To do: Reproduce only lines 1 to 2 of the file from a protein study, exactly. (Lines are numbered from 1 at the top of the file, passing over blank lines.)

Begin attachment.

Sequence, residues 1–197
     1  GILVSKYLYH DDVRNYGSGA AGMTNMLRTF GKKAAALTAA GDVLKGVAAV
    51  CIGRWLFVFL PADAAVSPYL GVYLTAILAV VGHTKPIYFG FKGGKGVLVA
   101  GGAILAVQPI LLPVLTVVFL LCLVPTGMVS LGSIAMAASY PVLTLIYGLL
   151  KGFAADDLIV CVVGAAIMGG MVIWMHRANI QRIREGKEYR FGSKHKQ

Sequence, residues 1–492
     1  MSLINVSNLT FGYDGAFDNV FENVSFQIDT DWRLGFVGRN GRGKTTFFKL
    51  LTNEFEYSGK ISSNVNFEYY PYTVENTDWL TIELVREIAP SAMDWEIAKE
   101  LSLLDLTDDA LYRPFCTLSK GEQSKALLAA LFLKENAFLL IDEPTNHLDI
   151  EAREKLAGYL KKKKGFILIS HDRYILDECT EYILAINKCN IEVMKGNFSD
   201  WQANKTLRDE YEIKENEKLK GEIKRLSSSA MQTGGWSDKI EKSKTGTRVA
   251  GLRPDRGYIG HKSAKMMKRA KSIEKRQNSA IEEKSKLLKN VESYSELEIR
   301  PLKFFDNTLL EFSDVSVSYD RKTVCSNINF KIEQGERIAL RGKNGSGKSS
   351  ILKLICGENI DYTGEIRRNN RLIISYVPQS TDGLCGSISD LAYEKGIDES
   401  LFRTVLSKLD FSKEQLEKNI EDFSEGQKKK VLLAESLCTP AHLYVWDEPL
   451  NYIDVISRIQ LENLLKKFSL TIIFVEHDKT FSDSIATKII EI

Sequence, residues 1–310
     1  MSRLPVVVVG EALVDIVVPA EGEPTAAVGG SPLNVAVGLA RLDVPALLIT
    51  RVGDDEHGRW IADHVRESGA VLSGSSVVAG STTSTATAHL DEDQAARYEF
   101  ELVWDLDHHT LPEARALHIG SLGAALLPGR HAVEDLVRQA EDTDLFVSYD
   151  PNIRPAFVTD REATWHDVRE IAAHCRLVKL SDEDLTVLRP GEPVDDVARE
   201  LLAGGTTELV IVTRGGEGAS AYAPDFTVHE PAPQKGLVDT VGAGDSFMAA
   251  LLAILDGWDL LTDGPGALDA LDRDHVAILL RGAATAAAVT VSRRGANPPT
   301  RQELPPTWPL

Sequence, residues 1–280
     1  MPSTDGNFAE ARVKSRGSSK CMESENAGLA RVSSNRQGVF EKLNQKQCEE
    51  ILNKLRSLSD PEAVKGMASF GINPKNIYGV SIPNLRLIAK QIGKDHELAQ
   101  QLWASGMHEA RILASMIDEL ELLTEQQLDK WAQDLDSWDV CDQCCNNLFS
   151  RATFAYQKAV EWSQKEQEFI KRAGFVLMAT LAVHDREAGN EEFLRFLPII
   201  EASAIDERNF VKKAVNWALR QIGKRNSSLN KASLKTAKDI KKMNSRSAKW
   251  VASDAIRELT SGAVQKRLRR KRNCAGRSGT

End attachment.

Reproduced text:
Sequence, residues 1–197
     1  GILVSKYLYH DDVRNYGSGA AGMTNMLRTF GKKAAALTAA GDVLKGVAAV